Websites and social platforms are the new storefront, and people are losing their keys!
Businesses with offices or physical storefronts put a lot of time and effort into curating their spaces, maintaining cleanliness, and keeping track of inventory, documents, records, and receipts.
If an employee were to lose the only key to the premises, locking everyone out for an extensive period of time, what would happen? The space would become dirty, employees would not have documents and information they need to do their jobs. It would be a headache and a mess for the company and owners, create problems they did not previously have and add tasks, such as calling a locksmith, to their already extensive to-do lists. it would, cause them to give up valuable time and money to fix the issue.
Digital media can be thought of the same way.
Essential Website Access
When done well, a company’s media gives the consumer a look into their brand and tells the exact story they want to portray. The frontend design of a company’s website (what users see and interact with) is very important, but it is also important to maintain control over the backend of the site (how everything works).
If backend control is lost, it can wreak all sorts of havoc. Part of maintaining control is keeping track of passwords, usernames, and login information. There are a handful of nightmare scenarios that can happen with the loss of these “keys” to digital assets.
For example, website themes need periodic updates to continue operating. If no one knows the website login, and updates are not made, that website could lose functionality, become vulnerable to hacking, and even go offline entirely.
In the event that the website went down and was not backed up, there would not be much anyone could do to recover it. The company may have to build their website over from scratch. This can be time consuming and expensive, but it is avoidable.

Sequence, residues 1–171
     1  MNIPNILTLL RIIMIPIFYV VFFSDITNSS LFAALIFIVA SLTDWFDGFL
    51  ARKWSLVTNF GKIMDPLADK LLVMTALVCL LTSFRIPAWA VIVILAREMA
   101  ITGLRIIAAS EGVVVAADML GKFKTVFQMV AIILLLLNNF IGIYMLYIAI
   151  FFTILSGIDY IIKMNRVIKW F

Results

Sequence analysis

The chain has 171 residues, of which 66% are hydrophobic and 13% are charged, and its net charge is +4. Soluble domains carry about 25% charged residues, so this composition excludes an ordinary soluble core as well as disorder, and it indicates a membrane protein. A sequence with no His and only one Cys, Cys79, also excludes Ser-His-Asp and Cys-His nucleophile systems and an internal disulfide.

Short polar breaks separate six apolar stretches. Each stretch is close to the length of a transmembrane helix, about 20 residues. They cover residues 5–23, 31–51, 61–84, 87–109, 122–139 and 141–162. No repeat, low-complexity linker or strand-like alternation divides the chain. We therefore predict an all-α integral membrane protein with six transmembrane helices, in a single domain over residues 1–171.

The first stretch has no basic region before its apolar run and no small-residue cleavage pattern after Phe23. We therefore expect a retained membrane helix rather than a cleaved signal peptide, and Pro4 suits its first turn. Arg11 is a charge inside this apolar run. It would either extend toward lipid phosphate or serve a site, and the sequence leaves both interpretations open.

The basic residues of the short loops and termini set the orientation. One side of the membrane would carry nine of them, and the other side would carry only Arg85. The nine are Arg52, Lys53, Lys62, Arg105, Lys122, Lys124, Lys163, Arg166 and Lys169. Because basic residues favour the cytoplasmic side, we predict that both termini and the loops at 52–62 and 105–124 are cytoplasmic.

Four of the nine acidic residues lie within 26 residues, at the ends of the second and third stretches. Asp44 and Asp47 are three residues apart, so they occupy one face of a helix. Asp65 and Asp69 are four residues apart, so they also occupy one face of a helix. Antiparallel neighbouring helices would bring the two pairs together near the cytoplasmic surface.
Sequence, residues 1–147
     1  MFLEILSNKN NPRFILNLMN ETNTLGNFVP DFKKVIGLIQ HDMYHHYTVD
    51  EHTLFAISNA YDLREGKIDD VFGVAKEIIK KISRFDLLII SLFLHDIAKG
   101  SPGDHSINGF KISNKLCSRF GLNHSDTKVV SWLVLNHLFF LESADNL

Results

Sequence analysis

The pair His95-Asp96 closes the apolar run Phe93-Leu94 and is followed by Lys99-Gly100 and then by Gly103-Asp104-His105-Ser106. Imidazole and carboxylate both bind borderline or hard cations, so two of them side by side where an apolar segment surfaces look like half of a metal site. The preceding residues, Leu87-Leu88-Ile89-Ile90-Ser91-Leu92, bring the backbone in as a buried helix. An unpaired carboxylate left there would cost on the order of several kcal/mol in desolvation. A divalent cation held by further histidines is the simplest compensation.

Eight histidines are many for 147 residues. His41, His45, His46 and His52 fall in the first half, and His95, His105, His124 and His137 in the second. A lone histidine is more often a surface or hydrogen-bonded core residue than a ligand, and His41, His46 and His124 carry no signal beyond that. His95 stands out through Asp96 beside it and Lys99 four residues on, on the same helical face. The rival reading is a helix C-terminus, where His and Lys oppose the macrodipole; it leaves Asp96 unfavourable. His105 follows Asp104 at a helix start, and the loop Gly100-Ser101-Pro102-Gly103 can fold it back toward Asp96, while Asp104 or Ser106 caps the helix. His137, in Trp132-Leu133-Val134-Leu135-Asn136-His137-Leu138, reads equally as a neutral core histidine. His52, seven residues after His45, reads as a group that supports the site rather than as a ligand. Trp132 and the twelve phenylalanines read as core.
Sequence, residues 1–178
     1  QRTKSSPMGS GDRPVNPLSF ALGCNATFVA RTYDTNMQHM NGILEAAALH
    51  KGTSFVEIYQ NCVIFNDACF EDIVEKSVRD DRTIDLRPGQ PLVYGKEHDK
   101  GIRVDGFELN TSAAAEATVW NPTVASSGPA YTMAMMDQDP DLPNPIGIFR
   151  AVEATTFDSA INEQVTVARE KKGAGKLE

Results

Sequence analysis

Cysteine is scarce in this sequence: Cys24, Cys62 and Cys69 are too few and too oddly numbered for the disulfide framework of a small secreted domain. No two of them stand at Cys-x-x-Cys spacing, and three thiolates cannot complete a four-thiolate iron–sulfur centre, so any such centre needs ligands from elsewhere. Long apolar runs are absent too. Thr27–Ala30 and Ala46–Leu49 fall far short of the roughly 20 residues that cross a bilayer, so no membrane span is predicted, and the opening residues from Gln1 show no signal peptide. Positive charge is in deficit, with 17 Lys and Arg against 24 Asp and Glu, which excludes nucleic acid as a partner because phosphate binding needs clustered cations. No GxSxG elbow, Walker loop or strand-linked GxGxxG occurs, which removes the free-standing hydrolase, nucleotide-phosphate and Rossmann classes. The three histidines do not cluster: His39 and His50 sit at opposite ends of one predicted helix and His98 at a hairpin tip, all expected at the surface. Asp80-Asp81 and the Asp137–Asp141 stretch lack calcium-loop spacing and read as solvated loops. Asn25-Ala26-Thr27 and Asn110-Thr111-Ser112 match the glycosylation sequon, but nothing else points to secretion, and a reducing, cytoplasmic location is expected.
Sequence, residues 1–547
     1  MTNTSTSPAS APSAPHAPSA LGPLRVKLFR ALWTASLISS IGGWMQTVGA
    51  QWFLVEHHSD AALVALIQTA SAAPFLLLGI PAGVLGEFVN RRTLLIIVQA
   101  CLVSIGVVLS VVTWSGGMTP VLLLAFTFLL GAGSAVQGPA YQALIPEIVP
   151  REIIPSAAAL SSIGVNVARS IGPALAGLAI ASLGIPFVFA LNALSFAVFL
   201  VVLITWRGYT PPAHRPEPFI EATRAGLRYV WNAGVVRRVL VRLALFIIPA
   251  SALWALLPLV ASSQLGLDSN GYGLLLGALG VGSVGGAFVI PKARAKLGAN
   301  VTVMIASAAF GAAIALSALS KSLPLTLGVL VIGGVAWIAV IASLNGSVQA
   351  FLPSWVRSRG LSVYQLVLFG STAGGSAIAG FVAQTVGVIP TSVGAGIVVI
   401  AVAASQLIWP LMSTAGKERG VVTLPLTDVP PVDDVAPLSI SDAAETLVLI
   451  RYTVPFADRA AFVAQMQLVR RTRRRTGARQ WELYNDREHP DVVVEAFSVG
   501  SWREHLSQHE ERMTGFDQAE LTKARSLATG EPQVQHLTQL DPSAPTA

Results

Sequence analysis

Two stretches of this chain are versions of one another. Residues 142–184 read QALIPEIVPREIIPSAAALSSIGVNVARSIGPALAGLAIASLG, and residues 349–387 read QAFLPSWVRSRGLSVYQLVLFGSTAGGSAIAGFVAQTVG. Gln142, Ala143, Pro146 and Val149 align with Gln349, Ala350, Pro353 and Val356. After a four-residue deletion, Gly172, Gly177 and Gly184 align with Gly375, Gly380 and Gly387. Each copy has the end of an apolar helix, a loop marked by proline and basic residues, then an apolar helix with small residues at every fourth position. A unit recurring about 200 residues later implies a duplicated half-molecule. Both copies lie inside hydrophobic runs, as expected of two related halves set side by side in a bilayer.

The Complexity of Social Media Access
Social media is an especially tricky asset to manage, as it includes multiple platforms with varied login information. On some social platforms, you even have to be mindful of who is creating the accounts. LinkedIn, for example, automatically makes the personal profile of whoever creates the account a Super Admin, meaning they have control over everything on the page. Paying attention to who is in these roles, and what permission sets they have, is another digital asset management task to remember.
Our firm has spent many hours over multiple weeks tracking down and wrestling control of websites, social media pages and domain names for clients who didn’t realize their assets were at risk. In more than one case, the only alternative was to create new pages with less-satisfactory names than the originals, while the abandoned pages remained visible.
We would much rather spend our time creating productive content for clients than playing password detective.
Digital Locksmiths Don’t Exist
As an agency that handles passwords of our own as well as client login information, we recommend a system of recording all login information as soon as accounts are created or updated.
There are many factors that can contribute to losing track of digital assets, such as staff turnover and internet hackers. However, a methodical approach to keeping track of all of these factors will ensure the keys to the office are not lost.
We advise businesses take these steps to minimize risk:
-Understand the maintenance needs of all digital assets.
-Track personnel’s authorization and access levels across platforms.
-Record all login information at the time of creation and upon each update.
-Cross-train team members so no one person has exclusive access.
How We Can Help
Each day, digital media security measures are tightened by platforms as bad actors get savvier and more persistent. That means there is no better time than the present to take inventory and preventive measures.
A trusted agency can conduct a digital review or audit to ensure the needed controls and access are available.